Rabbi Ephraim Mirvis invokes tale of legendary keyboards player’s famous 1975 concert in inspirational speech about weathering the hardships of cost-of-living crisis. The Chief Rabbi has urged British Jews to be like a jazz pianist in a Rosh Hashanah message to communities.
In the colourful letter, Rabbi Ephraim Mirvis advised congregants to emulate Keith Jarrett, the legendary jazzman who produced one of the world’s greatest musical performances while improvising on a broken piano.
Mr Jarrett had taken one look at the dilapidated instrument provided for his concert at the Cologne Opera House in 1975 and told the organisers he was pulling out.
Chief Rabbi Ephraim Mirvis
He was, however, persuaded to play. Despite being in agony from backache and suffering from sleep deprivation, he gave a performance that was to become the Köln Concert, the bestselling piano album of all time.
In his Rosh Hashanah message for 5783, Rabbi Mirvis has invited Jews to take inspiration from the American maestro as we face a cost-of-living crisis, the aftermath of a global pandemic and war in the Ukraine.
The Chief Rabbi drew on the economist Tim Harford’s book Messy: The Power of Disorder To Transform Our Lives, in which he tells the remarkable story of Mr Jarrett’s triumph over adversity in January 1975 at the Cologne Opera House. With an audience of 1,400 people, Mr Jarrett discovered that the grand piano he had been expecting to see on stage was not grand — and barely a piano.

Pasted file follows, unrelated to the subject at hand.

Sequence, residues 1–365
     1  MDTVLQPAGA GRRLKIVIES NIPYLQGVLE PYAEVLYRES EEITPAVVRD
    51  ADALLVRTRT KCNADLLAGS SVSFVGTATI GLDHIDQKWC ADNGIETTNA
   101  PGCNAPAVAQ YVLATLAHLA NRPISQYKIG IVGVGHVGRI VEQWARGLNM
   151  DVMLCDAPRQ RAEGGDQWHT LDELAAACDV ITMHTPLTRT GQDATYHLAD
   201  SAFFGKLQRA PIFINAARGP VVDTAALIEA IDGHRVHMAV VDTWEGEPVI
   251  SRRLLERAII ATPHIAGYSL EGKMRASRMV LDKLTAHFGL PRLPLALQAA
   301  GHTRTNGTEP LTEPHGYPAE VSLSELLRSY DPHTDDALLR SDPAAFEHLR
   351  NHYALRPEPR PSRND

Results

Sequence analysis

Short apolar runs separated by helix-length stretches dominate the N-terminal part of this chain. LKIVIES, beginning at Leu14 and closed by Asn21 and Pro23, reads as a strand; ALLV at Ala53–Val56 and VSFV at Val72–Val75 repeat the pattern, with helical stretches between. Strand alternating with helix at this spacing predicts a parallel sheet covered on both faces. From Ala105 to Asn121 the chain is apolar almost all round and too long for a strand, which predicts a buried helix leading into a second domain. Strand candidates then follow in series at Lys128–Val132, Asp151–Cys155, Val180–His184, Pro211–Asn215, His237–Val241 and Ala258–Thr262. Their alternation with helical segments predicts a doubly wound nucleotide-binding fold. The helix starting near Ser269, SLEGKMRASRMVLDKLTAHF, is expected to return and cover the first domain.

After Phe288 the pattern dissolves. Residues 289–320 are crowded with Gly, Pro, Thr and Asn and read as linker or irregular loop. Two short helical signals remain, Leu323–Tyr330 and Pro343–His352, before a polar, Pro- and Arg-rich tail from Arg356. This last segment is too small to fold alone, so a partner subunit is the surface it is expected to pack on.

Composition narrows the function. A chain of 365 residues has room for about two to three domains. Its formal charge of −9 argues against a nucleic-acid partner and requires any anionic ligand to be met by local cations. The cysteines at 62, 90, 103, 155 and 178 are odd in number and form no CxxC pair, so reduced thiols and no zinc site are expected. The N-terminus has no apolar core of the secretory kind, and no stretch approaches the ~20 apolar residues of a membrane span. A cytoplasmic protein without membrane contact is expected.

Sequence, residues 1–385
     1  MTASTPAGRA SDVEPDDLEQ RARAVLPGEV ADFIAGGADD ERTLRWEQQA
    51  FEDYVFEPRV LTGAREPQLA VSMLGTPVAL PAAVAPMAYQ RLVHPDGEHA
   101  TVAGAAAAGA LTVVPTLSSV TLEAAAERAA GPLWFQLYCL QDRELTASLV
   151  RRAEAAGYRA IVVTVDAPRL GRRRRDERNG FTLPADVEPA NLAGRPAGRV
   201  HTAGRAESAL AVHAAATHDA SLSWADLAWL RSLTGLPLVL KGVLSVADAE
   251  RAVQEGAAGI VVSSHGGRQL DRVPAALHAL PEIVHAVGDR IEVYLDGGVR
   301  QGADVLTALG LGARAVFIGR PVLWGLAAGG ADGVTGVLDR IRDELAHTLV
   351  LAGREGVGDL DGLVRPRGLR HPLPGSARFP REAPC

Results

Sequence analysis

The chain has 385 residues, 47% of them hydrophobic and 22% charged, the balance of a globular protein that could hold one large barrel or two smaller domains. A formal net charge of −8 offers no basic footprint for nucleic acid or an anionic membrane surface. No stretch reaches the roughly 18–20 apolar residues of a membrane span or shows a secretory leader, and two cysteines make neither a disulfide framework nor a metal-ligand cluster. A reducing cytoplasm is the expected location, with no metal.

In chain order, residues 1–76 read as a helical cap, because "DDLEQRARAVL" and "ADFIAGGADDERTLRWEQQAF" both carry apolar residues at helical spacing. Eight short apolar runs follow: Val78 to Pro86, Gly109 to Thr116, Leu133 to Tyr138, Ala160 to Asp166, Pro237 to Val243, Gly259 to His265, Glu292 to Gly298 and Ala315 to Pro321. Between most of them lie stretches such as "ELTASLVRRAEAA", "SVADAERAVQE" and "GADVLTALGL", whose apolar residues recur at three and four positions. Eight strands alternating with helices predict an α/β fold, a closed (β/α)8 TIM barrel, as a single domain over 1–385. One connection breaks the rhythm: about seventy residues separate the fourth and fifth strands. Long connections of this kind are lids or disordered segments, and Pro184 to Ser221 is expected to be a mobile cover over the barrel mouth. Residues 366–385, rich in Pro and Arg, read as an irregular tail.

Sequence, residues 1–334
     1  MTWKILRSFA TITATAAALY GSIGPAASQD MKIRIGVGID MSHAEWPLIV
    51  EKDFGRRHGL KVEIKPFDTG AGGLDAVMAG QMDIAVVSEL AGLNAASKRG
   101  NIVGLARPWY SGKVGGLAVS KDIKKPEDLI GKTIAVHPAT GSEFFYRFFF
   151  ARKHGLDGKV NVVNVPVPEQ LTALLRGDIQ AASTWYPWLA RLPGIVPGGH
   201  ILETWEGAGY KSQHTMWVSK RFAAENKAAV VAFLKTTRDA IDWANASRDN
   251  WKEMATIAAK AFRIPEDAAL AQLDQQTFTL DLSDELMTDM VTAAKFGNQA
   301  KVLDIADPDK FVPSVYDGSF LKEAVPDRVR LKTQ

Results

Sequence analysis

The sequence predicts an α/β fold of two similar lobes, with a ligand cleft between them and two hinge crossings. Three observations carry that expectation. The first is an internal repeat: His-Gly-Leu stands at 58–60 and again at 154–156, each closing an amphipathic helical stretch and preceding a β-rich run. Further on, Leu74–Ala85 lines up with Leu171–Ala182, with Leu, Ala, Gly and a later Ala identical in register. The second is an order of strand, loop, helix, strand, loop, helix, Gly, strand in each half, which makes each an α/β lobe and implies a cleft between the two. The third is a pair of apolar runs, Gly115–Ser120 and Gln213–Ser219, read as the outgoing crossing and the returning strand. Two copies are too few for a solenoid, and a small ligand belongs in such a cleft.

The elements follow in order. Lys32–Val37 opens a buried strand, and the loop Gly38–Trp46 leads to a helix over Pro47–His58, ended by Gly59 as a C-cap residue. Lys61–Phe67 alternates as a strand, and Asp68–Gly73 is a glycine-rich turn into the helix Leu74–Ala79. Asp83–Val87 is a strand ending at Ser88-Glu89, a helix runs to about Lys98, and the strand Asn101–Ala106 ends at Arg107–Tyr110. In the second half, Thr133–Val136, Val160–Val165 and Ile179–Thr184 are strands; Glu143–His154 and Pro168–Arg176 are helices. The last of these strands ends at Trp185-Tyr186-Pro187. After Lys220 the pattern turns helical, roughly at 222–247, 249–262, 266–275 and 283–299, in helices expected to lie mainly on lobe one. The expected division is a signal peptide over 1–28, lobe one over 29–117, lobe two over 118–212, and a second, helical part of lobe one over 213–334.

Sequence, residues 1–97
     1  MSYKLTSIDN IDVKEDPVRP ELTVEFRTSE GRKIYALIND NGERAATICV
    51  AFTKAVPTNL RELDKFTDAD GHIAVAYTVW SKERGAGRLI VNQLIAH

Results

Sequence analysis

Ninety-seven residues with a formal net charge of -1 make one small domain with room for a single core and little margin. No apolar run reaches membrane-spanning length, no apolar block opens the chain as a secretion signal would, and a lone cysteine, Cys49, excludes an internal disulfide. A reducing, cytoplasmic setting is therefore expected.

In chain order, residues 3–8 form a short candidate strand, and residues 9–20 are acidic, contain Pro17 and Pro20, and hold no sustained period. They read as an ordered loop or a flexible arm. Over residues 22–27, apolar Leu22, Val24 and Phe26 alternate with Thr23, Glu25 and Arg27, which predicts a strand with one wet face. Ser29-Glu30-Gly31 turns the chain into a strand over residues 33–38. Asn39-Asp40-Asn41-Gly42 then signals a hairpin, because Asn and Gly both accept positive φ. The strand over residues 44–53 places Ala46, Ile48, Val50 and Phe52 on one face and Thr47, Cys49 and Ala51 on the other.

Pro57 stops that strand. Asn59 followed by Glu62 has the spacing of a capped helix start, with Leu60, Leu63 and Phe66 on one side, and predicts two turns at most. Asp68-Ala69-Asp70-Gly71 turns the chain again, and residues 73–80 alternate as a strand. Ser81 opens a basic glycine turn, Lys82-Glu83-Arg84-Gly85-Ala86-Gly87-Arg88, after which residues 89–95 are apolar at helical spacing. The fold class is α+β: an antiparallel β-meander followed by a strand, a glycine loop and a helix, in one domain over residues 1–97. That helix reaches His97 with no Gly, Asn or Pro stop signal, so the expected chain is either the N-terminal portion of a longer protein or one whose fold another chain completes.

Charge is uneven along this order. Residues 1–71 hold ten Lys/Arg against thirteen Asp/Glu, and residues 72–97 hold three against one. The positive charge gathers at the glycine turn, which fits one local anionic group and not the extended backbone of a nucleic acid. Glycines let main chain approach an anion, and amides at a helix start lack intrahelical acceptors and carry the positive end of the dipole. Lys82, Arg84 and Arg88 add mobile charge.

Jazz star Jarrett
“The piano was far too small to achieve any quality of sound, the keys were sticking, the pedals didn’t work and the felt was worn away in the upper register,” writes the Chief Rabbi.
“Jarrett explained that the event would have to be cancelled, but the inexperienced concert promoter begged him to reconsider.
“After much pleading, Jarrett took pity on the young promoter and agreed to perform on the unplayable piano. A moment of musical history followed. Forced to adapt and improvise, Jarrett energetically achieved the necessary volume from the piano.
“He avoided the tinny high notes and focused instead on the middle register. Remarkably, Jarrett brought the house down.
“In some respects, our post-pandemic experience feels like being asked to perform on an unplayable piano. During an exceptionally challenging period, we longed for a time when we could step back out onto the stage of our lives, free of restrictions.
“Baruch Hashem, this has indeed transpired, but the world we have returned to is not the one we expected.
“The enduring impact of the pandemic and the devastating invasion of Ukraine have been compounded by political instability both at home and abroad.
“Many people are struggling financially. Significant aspects of our national infrastructure, from healthcare to travel, seem to be in turmoil.
“Many societies are polarised and fractious. We are far from where we want to be.”
But, the Chief Rabbi said, if we adapt and respond positively to “the external forces beyond our control”, we may “carve out a glorious destiny”.